Hurricane season starts today. If any dangerous storms roll into the United States this summer, President Trump's tariffs on steel, aluminum, and Canadian timber will make them more costly.
Last year's hurricane season was the costliest in American history, with three major storms—Harvey, Irma, and Maria—making landfall in the United States. Each of those storms caused more than $50 billion in damage, a threshold that had previously been surpassed by only two storms (2005's Katrina and 2012's Sandy).
Even if we avoid a repeat of last year's weather, the tariffs are creating problems for anyone who wants to be prepared. Hurricane shutters, used to protect windows from being shattered by storms, are often made out of steel or aluminum. Shutter manufacturers are charging higher prices this year to make up for the higher costs and uncertainty created by the tariffs.
Sam Zaz, owner of Just Shutter It in Port St. Lucie, Florida, tells WPTV that supplies that cost $11 or $12 per square foot a year ago now cost him $14 or more. If prices keep going up, he'll have little choice but to pass it on to his customers.
And if a major storm does hit, driving up demand for home building materials, there are already worries that shortages could occur as tariffs disrupt international suppliers. Developers are careful to downplay the potential costs of products they are trying to sell, but some tell The Real Deal, a South Florida real estate trade publication, that tariffs could increase the price of housing by "only" 1 to 2 percent.
That may not sound like much, until you realize that it means paying around $3,000 more for a home in Miami-Dade County (median home value: $288,000)—or, worse, paying that much more to rebuild your home after it's been blown away and all your worldly possessions have been lost. Every family has an extra $3,000 stashed away in their survival kit, right?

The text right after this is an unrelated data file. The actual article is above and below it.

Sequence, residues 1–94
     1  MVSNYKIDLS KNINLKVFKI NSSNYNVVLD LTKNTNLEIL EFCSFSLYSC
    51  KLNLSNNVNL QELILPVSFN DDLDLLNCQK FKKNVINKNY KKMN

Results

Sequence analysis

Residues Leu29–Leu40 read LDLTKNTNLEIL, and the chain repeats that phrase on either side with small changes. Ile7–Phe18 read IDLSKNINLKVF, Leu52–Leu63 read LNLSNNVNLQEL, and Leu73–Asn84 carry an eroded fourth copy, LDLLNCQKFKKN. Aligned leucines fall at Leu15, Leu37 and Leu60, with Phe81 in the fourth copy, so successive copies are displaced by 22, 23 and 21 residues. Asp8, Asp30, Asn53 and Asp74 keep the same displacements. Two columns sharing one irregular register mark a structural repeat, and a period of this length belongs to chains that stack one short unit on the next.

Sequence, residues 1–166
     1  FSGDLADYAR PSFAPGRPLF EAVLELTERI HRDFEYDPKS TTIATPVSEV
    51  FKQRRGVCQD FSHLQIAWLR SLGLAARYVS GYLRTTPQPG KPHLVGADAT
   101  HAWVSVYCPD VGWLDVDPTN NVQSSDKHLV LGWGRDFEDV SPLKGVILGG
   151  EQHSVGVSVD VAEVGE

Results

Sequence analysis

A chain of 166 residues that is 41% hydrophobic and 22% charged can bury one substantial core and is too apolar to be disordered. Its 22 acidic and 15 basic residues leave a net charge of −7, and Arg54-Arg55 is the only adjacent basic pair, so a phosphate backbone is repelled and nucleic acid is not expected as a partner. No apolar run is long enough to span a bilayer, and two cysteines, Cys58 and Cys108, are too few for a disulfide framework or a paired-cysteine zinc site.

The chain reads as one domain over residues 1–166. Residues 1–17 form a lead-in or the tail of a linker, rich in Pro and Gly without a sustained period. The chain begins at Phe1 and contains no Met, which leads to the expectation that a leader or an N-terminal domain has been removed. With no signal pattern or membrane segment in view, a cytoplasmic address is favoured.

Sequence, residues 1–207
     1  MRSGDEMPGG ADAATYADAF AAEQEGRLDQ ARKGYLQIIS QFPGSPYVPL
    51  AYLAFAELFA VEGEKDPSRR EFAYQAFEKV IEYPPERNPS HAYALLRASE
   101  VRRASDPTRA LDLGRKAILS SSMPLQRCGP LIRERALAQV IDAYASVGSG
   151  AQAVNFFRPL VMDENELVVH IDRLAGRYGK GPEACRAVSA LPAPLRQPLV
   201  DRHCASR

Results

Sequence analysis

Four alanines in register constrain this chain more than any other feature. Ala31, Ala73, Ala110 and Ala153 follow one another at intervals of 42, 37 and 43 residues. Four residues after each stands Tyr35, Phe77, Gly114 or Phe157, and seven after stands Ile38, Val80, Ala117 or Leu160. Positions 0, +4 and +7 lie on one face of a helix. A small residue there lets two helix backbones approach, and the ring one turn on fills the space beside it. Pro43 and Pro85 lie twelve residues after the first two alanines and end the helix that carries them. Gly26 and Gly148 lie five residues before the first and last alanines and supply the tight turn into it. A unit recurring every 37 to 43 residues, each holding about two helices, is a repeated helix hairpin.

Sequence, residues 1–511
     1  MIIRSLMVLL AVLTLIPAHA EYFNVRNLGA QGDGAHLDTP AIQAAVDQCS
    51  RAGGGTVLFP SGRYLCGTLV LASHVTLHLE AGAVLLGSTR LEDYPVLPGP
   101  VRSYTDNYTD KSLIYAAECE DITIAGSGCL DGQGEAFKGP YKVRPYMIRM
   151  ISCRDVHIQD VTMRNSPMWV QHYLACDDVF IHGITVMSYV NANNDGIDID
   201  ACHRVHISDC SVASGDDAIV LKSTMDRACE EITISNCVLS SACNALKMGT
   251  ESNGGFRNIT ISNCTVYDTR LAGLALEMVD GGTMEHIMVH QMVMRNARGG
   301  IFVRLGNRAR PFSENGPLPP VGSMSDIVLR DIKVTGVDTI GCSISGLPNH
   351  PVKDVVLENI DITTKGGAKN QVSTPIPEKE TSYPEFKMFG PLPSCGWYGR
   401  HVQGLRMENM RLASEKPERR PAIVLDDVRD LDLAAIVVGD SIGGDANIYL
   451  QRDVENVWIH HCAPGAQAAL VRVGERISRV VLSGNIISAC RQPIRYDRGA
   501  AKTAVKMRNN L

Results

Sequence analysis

Protectionism has already proven costly in the wake of major storms. As Reason's Christian Britschgi noted last year, Trump's tariffs on Canadian lumber (approved in early 2017 with far less fanfare than the current round of steel and aluminum tariffs) had a direct impact on the rebuilding process around Houston after Hurricane Harvey caused catastrophic flooding in August.
"It was a significant hike at the time. It was a 20 percent increase," Patrick Mayhan, vice president of purchasing for the Houston-area company Westin Homes, told Britschgi. "We had no choice but to pass that along to our retail pricing for the home. And that's a significant amount, because lumber is a big part of the cost of building a home."
Framing lumber accounts for about 18 percent of a house's final cost, according to the National Association of Home Builders. Bloomberg reported earlier this year that Trump's lumber tariff has increased the price of single-family dwellings by an average of $1,300 as "builders have started to raise their prices to keep profit margins stable."
In April 2017, the month Trump issued his tariff on Canadian timber, prices for framing lumber shot up to 20 percent higher then they had been in January of the same year. This wasn't just a temporary shock to the system or a result of speculators reacting to the tariff announcement. By March of this year, the price of framing lumber had jumped by another 16 percent, according to a price index published by the trade publication Random Lengths.
Most homes along the Gulf Coast and in other hurricane-prone regions are built with concrete and rebar in order to withstand storms. That still requires steel, but it demands far less lumber than the average American home. But last year's hurricane season demonstrates that powerful tropical storms don't always stay where they are supposed to.
Meanwhile, nearly half of America's steel imports are used for construction, and an ongoing jump in steel prices started in early March, when the Trump administration first announced its plans to lay tariffs. That spike occured despite the fact that several of America's top sources for steel were exempt from the tariff until June 1, so another leap could be coming in the near future—just in time for hurricane season.